Ananda Coomaraswamy is one of the little-known figures of India. Which is baffling because a vague estimate of his works runs into more than 15,000 pages. It is all the more baffling because his range of subjects is almost beyond belief and his grasp of their intricate nuances is staggering.
It is almost impossible to slot Coomaraswamy into a single category for he was all of them: philosopher, historian, art historian, polyglot, cultural anthropologist, metallurgist, mineralogist, archaeologist, art collector, and a revivalist. His works if they are read at all, are read by few; part of the reason is, in his own words, “I write for the professional.” However, that is not entirely true. While the bulk of his research articles can be understood by experts in the field, his books can be understood by all. The main reason he hasn’t gained due recognition is because he spent most of his later years in the United States and interest in ancient India was frowned upon in independent India.
Coomaraswamy is in the same league as Swami Vivekananda or Dayananda Saraswati. While these men worked more “among the masses,” so to say, Coomaraswamy lent intellectual force to strengthen the battered ancient Indian spirit. It is now widely recognized that Hindus need to revive what they were famous for–intellectual rigor to beat the West at their own game. Ananda Commaraswamy’s greatest service to India was to revive Indian art and to expose the hollowness of Western art. I think it is a wee bit unjust to mention just art because his genius encompassed everything. However, he first captured the world’s attention in this field, and the bulk of his copious writing deal with this, I’ve said so.
His essay, Indian Idols With Many Arms tears apart Western art critics’ contempt of Indian sculpture rooted in ignorance of Indian traditions. Ananda Coomaraswamy set the tone for examining Western scholarship on Indic traditions almost a century earlier. I won’t be entirely off the mark if I state that Ananda Coomaraswamy pioneered the current scholarly efforts in this area–challenging Eurocentrism in Indology and the rest. Why, Coomaraswamy is himself an example of Eurocentrism: for long, he was referred to only as an art historian which meant ignoring his stupendous work in other areas.
Unlike his contemporary English-educated Hindus and their descendants today, Coomaraswamy was never an apologist for Hinduism. He showed on the contrary, the hollowness of the post-Englightenment West whose idea of civilization is mindless materialism, an idea it still seeks to perpetuate on other nations by projecting it as the only model of development. Coomaraswamy’s works are now slowly being revived with many of his books seeing reprints, and are now widely available in India itself. For one who loved India passionately, Ananda Coomaraswamy was not an Indian by birth.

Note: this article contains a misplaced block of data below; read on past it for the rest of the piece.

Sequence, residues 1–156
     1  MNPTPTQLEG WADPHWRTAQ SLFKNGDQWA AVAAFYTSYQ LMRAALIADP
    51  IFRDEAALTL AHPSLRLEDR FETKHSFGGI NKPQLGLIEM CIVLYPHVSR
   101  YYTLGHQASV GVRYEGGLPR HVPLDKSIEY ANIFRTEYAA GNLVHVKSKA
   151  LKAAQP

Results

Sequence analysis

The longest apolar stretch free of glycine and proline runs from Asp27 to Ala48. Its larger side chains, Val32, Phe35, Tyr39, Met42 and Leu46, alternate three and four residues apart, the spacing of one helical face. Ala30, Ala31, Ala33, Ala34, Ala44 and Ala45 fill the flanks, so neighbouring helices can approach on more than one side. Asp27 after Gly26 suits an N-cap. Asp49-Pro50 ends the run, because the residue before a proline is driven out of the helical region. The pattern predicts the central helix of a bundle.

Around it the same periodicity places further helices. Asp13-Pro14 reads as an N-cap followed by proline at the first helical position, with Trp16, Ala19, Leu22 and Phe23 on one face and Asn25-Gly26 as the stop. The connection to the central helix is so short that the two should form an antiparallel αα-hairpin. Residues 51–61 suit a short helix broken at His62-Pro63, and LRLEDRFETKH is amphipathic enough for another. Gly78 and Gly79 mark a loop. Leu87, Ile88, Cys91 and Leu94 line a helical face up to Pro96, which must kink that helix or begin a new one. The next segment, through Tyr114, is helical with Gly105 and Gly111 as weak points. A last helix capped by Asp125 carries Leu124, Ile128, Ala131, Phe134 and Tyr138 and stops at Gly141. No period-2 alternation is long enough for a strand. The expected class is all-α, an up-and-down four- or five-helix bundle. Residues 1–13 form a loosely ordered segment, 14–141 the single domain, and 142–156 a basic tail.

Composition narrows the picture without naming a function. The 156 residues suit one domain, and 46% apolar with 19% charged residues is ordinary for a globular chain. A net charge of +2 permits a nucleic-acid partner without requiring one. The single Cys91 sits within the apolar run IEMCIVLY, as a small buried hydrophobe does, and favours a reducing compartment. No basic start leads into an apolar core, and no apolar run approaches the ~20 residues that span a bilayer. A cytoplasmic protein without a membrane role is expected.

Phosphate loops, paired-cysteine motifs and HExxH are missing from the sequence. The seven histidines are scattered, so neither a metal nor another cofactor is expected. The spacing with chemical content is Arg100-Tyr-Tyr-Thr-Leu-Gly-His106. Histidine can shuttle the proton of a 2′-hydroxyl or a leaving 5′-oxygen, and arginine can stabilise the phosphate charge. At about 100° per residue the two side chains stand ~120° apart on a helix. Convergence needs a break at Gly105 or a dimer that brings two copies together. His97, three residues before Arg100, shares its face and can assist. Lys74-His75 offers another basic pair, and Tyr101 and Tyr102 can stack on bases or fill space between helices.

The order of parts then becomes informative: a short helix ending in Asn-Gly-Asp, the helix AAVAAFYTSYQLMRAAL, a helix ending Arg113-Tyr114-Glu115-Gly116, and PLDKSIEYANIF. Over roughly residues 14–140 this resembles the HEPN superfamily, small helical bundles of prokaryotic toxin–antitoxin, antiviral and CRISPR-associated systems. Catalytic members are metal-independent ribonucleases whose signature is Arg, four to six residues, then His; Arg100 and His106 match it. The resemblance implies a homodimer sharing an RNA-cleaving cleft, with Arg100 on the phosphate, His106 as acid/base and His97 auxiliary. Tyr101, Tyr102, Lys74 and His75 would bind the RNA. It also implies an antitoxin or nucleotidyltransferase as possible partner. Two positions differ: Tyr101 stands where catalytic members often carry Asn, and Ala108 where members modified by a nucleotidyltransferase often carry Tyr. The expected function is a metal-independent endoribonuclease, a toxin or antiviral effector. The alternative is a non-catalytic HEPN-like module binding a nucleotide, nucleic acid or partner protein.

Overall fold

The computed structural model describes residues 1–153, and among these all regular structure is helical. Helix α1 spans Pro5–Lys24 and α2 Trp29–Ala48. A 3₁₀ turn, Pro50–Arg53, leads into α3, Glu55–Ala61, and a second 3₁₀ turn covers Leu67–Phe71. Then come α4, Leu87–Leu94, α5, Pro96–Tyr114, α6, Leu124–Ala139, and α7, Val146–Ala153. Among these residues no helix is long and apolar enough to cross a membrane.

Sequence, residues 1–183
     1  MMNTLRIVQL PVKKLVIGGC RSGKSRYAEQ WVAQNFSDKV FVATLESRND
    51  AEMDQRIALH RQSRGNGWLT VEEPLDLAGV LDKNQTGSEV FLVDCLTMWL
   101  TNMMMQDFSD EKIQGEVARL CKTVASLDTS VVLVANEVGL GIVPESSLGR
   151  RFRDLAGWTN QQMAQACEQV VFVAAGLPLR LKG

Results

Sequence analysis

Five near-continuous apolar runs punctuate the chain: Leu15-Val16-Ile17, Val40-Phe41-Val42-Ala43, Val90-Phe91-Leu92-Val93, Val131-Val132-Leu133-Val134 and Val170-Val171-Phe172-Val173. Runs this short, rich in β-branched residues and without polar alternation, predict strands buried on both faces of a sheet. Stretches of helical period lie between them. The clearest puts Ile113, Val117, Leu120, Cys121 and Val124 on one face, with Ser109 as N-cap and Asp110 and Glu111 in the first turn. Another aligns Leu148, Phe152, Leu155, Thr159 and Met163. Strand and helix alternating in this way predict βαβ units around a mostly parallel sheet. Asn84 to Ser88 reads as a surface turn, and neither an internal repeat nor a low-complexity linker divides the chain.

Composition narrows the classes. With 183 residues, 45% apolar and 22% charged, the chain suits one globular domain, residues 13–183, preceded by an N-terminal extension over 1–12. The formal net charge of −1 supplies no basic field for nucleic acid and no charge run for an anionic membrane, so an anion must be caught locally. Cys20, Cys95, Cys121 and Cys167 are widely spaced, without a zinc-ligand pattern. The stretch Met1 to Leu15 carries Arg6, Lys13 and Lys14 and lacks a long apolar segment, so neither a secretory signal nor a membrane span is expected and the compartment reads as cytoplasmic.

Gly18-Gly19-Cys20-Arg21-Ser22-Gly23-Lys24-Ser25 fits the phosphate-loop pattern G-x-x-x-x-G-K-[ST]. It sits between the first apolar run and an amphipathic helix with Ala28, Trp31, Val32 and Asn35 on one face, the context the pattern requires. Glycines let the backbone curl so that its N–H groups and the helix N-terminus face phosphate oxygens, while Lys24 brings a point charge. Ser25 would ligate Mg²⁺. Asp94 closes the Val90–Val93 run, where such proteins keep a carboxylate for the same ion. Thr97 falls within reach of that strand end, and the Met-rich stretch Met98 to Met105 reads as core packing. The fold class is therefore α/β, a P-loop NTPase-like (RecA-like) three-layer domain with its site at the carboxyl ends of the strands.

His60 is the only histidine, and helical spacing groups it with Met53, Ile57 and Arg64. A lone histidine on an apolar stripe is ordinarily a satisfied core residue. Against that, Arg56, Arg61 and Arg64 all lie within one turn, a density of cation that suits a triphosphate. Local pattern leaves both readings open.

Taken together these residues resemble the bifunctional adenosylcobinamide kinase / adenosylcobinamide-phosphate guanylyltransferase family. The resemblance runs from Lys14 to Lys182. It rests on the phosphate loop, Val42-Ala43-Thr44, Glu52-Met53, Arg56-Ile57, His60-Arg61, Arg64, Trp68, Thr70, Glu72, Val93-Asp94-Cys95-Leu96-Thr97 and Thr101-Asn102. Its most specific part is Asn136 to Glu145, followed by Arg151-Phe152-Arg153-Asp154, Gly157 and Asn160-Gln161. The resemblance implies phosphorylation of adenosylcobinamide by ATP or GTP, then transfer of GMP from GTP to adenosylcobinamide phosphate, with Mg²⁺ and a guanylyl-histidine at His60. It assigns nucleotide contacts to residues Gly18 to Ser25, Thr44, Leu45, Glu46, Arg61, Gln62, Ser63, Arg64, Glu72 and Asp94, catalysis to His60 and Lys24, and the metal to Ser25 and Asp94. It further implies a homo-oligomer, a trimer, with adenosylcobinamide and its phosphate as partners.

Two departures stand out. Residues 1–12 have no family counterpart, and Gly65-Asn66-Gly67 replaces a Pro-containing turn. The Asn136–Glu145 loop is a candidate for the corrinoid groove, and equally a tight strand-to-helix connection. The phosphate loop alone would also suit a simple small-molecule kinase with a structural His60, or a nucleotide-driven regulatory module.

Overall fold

Born Ananda Kentish Coomaraswamy in Colombo in 1877, his father Sir Muthu Coomaraswamy a legislator in Sri Lanka, had married an aristocratic English lady named Elizabeth Beeby. Ananda lost his father early in childhood and mother and son migrated to England. It is said that he owed his interest in ancient India to his mother who equally loved the country and instilled it in her son. After graduating from the University of London, he became Director of the Mineralogical Survey of Ceylon. Coomaraswamy pursued his passion in Indian art at this juncture and over a life spanning seventy years, collected a staggering number of artifacts. Most of these today are displayed to the public in the Boston Museum; what’s noteworthy is he paid for several of these and in the end, donated them to the museum. He died on 9 September 1947.
Most people familiar with Ananda Coomaraswamy are bound to mention The Dance of Shiva, a collection of fourteen essays. Coomaraswamy is perhaps one of the few writers whose quality of work remains consistently high throughout. His works are characterized by bountiful footnotes in the tradition of Western scholarly writing. Coomaraswamy draws deep from the primary sources and never shies away from criticizing the most hallowed scholar of the day. In Indian Images with Many Arms for instance, he takes apart such art critics as Vincent Smith, Maskell and Birdwood.
Certain writers, speaking of the many-armed images of Indian art, have [stated] this as an unpardonable defect… enough has been given to show that for a certain class of critics there exists the underlying assumption that in Indian art the multiplication of limbs or heads, or addition of any animal attributes, is in itself a very grave defect, and fatal to any claim for merit in the works concerned.
And then draws on accepted principles of Western art criticism. Based solely on these principles, Coomaraswamy demolishes their ignorant criticism of Indian art as:
…a work of art is great in so far as it expresses its own theme in a form at once rhythmic and impassioned: through a definite pattern it must express a motif deeply felt. From this point of view…we must take each work of art upon its own merits… an image with many arms or heads maybe called an inferior work of art…if it lacks any one of the four qualities demanded by Mr. Holmes… But if it has such qualities, if it is felt, need we further concern ourselves with arithmetic?
His Introduction to Indian Art is itself a masterpiece, mandatory reading for anybody interested in the subject. Among others, he rubbishes the famous art for art’s sake phrase as meaningless: that he uses this to highlight the superiority of Indian art over its Western counterpart is significant. According to Coomaraswamy, art should both delight and be of practical use. He uses the example of commonplace furniture to illustrate this: a furniture can–and should–delight you with its intricate carving/work, etc and still be used for what it is meant. The contrast can’t be starker: today, tens of upmarket “antique furniture” shops sell pieces of exquisite furniture which were perhaps commonplace in every Indian home hundreds of years ago. The typical buyer will purchase these not for their practical utility but for its “antique” or “artistic” or “prestige” value. In simpler terms, what Coomarswamy condemned was art divorced from (practical) life.